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Virtually

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“Virtually” means “almost” or “in effect.” Therefore, virtual reality is not quite the real thing. It looks like reality, it may fool some people, but in fact it is a simulation of reality.

This word is often confused with “practically.” Don’t use “practically” in place of “almost.” If I say I “practically won the tennis match,” let’s face it: I lost.

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WHO Was Over the Fence?

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I just came across a blurb for a beautiful cat that had been rescued. Here is a little bit of that cat’s story:

“When she was a wee kitten she was thrown over a fence at a bowling club and abandoned. She was adopted by the elderly man who found her and his wife.”

What a bonanza of a day for that elderly man! He not only found this lovely kitten over the fence of the bowling club—but he found a wife there too!

Word order matters. The second sentence should have read something like, “Along with his wife, the elderly man who found the kitten adopted her.”

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Proofreading Prevents Embarrassment

© Judi Birnberg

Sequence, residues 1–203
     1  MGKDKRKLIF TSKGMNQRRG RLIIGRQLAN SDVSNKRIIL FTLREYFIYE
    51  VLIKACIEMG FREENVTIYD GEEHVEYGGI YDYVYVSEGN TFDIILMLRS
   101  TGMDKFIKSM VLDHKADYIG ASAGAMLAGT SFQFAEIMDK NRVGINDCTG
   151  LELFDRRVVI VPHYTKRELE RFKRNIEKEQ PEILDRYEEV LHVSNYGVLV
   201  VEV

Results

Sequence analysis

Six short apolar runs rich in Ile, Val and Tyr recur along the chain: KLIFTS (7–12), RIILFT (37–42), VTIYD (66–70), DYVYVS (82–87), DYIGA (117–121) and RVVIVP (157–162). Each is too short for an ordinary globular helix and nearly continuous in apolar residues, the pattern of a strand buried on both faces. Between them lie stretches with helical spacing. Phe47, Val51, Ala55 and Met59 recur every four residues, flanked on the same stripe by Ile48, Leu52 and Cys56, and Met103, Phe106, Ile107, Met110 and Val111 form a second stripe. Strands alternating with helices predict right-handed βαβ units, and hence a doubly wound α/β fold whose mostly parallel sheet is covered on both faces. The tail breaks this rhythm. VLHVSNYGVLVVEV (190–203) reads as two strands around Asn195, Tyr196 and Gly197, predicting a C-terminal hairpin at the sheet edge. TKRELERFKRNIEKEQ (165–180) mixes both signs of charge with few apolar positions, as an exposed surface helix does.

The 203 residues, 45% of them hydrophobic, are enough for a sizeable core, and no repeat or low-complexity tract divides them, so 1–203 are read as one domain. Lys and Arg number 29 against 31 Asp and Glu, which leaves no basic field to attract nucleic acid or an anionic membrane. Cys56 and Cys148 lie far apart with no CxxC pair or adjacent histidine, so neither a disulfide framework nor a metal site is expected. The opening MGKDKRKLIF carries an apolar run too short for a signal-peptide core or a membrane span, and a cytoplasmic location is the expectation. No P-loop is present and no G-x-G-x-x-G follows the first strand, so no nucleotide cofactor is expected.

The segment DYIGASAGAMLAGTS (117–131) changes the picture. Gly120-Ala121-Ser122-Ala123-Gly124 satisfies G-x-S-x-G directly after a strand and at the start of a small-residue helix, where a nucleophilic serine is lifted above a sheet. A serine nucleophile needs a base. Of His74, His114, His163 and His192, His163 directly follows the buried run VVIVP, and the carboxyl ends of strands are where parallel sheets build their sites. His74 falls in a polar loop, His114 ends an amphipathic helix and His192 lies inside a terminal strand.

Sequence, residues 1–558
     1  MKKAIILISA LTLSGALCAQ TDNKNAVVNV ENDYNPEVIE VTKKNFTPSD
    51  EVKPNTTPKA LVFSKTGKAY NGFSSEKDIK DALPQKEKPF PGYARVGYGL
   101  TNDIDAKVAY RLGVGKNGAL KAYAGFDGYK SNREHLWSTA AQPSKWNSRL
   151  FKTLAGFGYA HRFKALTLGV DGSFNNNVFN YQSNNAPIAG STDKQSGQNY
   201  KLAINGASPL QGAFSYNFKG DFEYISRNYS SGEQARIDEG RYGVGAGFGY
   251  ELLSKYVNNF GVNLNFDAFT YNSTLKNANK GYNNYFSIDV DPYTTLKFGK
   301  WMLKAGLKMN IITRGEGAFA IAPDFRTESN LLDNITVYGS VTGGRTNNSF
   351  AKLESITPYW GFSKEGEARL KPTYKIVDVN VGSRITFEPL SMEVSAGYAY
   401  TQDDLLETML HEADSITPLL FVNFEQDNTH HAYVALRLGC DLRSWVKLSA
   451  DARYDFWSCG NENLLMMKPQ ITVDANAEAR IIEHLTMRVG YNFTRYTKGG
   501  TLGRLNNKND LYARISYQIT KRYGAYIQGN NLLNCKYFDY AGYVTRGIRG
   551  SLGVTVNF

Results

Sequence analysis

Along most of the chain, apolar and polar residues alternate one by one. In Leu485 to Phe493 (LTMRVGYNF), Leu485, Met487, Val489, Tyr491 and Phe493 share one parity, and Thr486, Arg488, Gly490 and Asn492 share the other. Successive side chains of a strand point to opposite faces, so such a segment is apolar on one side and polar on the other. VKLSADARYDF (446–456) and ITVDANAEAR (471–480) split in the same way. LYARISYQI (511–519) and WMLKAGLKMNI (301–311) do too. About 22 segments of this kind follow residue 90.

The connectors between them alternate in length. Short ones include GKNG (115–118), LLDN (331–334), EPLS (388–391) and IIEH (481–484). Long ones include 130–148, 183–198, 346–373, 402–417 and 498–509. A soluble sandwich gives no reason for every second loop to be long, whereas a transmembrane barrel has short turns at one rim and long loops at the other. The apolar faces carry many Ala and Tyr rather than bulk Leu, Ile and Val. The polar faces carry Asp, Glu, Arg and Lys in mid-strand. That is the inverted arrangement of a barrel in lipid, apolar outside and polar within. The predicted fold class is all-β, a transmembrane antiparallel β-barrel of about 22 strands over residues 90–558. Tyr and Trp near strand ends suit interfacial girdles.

A Frigate Bird (please spell it correctly) © Judi Birnberg

The following groanworthy errors are from Just My Typo, compiled by Drummond Moir. It’s all too easy to write a word you know well, a word that is close to the one you meant. We’ve all done this. Careful proofreading will prevent a red face.

As I’ve often nagged you, if you proofread silently at your normal pace you will read what you think you wrote, not what you actually wrote. You need to slow down and read out loud. Quietly is fine. The authors of the following sentences obviously neglected to do so:

Doctors now treat their patients with ultra-violent rays.
A polygon is a man who has many wives.
In biology today we digested a frog.
In the Middle Ages, people lived in rough huts with mating on the floor.

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A Misplaced Modifier

 

 

Unknown In yesterday’s Los Angeles Times, a little squib (are squibs ever large?) announced that Eddie Redmayne and his wife had had their first child. The next sentence was,”The actor confirmed in January they were expecting their first child at the Golden Globes.”